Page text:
Brightsurf Science News & Current Events

March 02, 2014
Study of antibody evolution charts course toward HIV vaccine
In an advance for HIV vaccine research, a scientific team has discovered how the immune system makes a powerful antibody that blocks HIV infection of cells by targeting a site on the virus called V1V2.

Plants convert energy at lightning speed
A new way of measuring how much light a plant can tolerate could be useful in growing crops resilient to a changing climate, according to scientists from Queen Mary University of London.

Research reveals first glimpse of brain circuit that helps experience to shape perception
Scientists from CSHL demonstrate for the first time a way to observe how our experiences shape sensory information in awake animals.

A highly sensitive small molecule probe to evaluate potential risk for Parkinson's disease
A team of researchers from National University of Singapore have created the first two-photon, small molecule fluorogenic probe that can serve as a useful tool for the rapid assessment of an individual's potential risk for Parkinson's disease.

Newly discovered catalyst could lead to the low-cost production of clean methanol
An international research team has discovered a potentially clean, low-cost way to convert carbon dioxide into methanol, a key ingredient in the production of plastics, adhesives and solvents, and a promising fuel for transportation.

European flood risk could double by 2050
Losses from extreme floods in Europe could more than double by 2050, because of climate change and socioeconomic development.

Imaging dynamics of small biomolecules inside live cells
Researchers at Columbia University have made a significant step toward visualizing small biomolecules inside living biological systems with minimum disturbance, a longstanding goal in the scientific community.

Optical nano-tweezers take over the control of nano-objects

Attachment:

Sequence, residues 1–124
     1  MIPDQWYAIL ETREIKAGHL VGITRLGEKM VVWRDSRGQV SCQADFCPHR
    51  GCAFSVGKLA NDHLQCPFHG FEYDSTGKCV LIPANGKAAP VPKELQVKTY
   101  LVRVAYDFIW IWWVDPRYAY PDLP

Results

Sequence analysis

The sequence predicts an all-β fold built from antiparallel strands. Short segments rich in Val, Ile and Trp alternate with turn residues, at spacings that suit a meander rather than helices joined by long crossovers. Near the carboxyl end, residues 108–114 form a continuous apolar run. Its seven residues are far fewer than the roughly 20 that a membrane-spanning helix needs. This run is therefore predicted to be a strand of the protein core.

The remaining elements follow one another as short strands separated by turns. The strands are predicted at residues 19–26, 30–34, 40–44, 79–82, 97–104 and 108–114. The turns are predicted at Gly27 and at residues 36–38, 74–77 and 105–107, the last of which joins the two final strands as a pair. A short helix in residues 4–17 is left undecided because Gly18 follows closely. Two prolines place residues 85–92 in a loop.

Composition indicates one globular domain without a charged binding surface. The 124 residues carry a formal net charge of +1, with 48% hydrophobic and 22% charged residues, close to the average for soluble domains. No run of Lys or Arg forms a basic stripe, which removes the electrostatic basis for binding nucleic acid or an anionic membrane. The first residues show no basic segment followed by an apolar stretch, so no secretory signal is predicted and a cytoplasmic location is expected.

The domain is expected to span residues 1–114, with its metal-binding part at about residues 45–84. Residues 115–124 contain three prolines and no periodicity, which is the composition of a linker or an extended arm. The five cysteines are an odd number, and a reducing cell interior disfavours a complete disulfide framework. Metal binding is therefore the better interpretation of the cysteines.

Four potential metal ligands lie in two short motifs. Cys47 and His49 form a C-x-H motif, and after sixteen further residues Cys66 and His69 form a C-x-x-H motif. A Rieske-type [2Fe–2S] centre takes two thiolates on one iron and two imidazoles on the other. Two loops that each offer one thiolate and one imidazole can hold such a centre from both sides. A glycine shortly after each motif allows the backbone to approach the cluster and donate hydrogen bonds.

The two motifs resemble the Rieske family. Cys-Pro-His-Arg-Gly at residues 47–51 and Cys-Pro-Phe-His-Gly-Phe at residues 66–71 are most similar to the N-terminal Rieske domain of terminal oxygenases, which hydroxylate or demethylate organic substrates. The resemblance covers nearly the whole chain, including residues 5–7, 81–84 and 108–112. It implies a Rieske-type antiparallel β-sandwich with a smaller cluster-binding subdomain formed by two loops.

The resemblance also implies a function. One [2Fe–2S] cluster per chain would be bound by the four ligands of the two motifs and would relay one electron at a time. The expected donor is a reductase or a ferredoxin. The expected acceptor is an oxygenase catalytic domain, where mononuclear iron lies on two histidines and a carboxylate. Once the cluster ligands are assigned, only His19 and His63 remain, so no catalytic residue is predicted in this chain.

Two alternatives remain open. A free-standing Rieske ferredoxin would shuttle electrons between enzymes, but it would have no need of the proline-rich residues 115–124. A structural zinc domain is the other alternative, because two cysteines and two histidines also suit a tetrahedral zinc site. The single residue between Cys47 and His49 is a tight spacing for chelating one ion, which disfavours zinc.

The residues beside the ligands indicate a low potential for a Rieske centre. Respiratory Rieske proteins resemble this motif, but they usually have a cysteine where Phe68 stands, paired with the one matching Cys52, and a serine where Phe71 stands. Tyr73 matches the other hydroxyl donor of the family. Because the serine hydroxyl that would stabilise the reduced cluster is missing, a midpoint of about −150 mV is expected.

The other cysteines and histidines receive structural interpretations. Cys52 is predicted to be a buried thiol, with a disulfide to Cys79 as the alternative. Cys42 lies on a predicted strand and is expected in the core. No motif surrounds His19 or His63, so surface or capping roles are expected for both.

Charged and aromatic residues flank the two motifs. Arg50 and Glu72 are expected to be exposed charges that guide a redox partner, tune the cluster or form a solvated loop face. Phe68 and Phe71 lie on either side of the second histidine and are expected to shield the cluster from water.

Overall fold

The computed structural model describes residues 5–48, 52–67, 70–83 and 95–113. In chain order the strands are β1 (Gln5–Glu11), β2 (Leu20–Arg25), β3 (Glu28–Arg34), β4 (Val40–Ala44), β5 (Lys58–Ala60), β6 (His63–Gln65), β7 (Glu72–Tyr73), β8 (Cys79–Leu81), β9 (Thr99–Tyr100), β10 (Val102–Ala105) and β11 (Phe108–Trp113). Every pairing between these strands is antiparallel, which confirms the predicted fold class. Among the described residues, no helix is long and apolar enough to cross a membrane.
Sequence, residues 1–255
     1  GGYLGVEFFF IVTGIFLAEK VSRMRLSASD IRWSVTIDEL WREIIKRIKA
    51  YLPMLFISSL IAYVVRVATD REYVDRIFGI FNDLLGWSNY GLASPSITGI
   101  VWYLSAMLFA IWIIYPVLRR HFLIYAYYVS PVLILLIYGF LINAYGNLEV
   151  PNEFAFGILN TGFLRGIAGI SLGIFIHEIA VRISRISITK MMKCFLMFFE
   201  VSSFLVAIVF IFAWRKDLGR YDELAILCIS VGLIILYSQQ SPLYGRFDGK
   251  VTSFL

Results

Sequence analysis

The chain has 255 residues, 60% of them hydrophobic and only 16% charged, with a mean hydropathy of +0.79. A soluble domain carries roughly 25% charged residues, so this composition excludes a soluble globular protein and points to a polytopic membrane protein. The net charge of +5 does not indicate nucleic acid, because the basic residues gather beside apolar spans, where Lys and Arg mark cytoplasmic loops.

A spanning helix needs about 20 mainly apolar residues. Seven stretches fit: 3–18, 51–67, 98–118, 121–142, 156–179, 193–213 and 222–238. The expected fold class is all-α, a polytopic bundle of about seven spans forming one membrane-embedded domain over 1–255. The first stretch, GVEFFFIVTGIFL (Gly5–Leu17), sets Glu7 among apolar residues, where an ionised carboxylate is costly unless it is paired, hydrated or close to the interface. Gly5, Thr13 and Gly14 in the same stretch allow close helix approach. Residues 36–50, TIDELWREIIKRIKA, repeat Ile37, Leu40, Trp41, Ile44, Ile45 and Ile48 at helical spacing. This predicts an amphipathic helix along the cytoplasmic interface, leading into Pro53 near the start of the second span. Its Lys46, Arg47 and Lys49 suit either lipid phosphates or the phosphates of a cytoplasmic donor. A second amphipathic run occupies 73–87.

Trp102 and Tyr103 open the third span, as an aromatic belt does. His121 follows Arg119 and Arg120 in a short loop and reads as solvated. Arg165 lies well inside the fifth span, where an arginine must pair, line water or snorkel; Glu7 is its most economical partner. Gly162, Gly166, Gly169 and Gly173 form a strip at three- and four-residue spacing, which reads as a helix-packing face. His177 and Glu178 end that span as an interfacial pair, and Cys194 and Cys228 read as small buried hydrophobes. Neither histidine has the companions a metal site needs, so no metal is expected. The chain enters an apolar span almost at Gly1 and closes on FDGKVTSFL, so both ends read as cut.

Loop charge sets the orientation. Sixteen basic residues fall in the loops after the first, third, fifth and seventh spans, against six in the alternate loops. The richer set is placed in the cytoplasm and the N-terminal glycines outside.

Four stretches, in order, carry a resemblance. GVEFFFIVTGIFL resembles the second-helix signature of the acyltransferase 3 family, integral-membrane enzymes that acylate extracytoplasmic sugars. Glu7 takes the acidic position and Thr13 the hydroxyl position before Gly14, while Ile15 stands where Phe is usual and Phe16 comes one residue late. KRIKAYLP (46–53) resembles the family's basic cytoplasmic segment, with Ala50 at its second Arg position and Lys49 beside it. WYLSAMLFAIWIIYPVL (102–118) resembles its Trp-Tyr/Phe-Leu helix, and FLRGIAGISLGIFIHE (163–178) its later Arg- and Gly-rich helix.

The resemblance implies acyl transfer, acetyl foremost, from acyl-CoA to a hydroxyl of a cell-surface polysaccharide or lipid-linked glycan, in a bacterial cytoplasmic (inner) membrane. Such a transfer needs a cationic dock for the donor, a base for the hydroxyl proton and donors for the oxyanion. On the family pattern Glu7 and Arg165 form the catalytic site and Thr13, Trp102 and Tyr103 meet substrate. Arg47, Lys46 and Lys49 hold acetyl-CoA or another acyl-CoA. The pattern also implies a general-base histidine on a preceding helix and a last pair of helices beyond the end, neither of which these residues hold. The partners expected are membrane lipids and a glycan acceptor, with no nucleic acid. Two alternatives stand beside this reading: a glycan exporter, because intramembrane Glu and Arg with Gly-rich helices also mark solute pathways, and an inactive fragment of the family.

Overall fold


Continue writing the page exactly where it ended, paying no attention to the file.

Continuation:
Researchers at the Institute of Photonic Sciences have invented nano-optical tweezers capable of trapping and moving an individual nano-object in three dimensions using only the force of light.

Global warming felt to deepest reaches of ocean
A new study led by researchers from McGill University suggests that the the 1970s polynya in the Antarctic sea ice pack of the Weddell Sea may have been the last gasp of what was previously a more common feature of the Southern Ocean, and which is now suppressed due to the effects of climate change on ocean salinity.

In first moments of infection, a division and a decision
Using technologies capable of tracing the destiny of a single cell, researchers at the University of California, San Diego School of Medicine describe for the first time the earliest stages of fate determination among white blood cells called T lymphocytes, providing new insights that may help drug developers create more effective, longer-lasting vaccines against microbial pathogens or cancer.

Mandatory arrest in domestic violence call-outs causes early death in victims
A Cambridge-Maryland team follows up on a landmark domestic violence arrest experiment and finds that African-American victims who had partners arrested rather than warned were twice as likely to die young.

Detecting levels of antibiotics in blood paves the way to individualized treatment
A new methodology for rapidly measuring the level of antibiotic drug molecules in human blood serum has been developed, paving the way to applications within drug development and personalized medicine.

Eskitis Institute signs beautiful deal with Japanese skin care company
Natural drug discovery research center, Griffith University's Eskitis Institute, has signed a new three year deal with a Japanese skin care company which is searching for biological properties to form the basis of new cosmetic, skin care and functional food products.

Study pinpoints protective mutations for type 2 diabetes
An international team led by researchers at the Broad Institute and Massachusetts General Hospital has identified mutations in a gene that can reduce the risk of developing type 2 diabetes, even in people who have risk factors such as obesity and old age.

As one food allergy resolves, another may develop
Some children who outgrow one type of food allergy may then develop another type of allergy, more severe and more persistent, to the same food.

Entomologists update definitions to tackle resistance to biotech crops and pesticides
The current jumble of terms about insects and weeds that are resistant to pesticides has fostered confusion among scientists.
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